The extensive commercial success of two well-made popular television drama serials screened in the UK at prime time on Sunday evenings during the winter of 2011-12, Downton Abbey (ITV, 2010-) and Call the Midwife (BBC, 2012-), has appeared to consolidate the recent resurgence of the period drama during the 1990s and 2000s, as well as reassembling something like a mass audience for woman-centred realist narratives at a time when the fracturing and disassembling of such audiences seemed axiomatic. While ostensibly different in content, style and focus, the two programmes share a number of distinctive features, including a range of mature female characters who are sufficiently well drawn and socially diverse as to offer a profoundly pleasurable experience for the female viewer seeking representations of aging femininity that go beyond the sexualised body of the 'successful ager'. Equally importantly, these two programmes present compelling examples of the 'conjunctural text', which appears at a moment of intense political polarisation, marking struggles over consent to a contemporary political position by re-presenting the past. Because both programmes foreground older women as crucial figures in their respective communities, but offer very different versions of the social role and ideological positioning that this entails, the underlying politics of such nostalgia becomes apparent. A critical analysis of these two versions of Britain's past thus highlights the ideological investments involved in period drama and the extent to which this 'cosy' genre may legitimate or challenge contemporary political claims. © Journal of British Cinema and Television.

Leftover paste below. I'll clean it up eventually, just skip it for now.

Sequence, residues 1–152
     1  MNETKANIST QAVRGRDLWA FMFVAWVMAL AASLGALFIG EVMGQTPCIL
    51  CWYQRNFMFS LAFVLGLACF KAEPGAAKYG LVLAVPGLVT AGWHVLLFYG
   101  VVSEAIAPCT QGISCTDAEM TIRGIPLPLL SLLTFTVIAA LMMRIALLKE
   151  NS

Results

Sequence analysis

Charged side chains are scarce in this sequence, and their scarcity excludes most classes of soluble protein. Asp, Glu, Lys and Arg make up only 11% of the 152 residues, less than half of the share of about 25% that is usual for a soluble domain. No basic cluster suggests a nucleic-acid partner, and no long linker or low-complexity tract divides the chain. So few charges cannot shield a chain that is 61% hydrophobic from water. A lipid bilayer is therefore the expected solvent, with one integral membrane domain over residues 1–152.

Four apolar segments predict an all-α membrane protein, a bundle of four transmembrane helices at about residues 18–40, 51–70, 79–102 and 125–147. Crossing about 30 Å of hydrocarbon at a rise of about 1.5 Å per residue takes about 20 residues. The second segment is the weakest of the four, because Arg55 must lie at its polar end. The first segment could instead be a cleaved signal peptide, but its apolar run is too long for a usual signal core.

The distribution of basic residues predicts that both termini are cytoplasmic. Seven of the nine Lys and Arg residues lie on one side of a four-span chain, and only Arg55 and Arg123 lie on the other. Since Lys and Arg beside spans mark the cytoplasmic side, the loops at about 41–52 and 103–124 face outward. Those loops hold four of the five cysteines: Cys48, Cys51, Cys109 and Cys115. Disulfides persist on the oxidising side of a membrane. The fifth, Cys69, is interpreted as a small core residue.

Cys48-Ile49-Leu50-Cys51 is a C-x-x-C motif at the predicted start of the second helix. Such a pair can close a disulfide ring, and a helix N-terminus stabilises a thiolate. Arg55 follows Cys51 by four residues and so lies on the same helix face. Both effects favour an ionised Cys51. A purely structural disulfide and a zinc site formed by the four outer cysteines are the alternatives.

Tincknell, E. (2013). Dowagers, debs, nuns and babies: The politics of Nostalgia and the older woman in the British sunday night television serial. Journal of British Cinema and Television, 10(4), 769-784. https://doi.org/10.3366/jbctv.2013.0174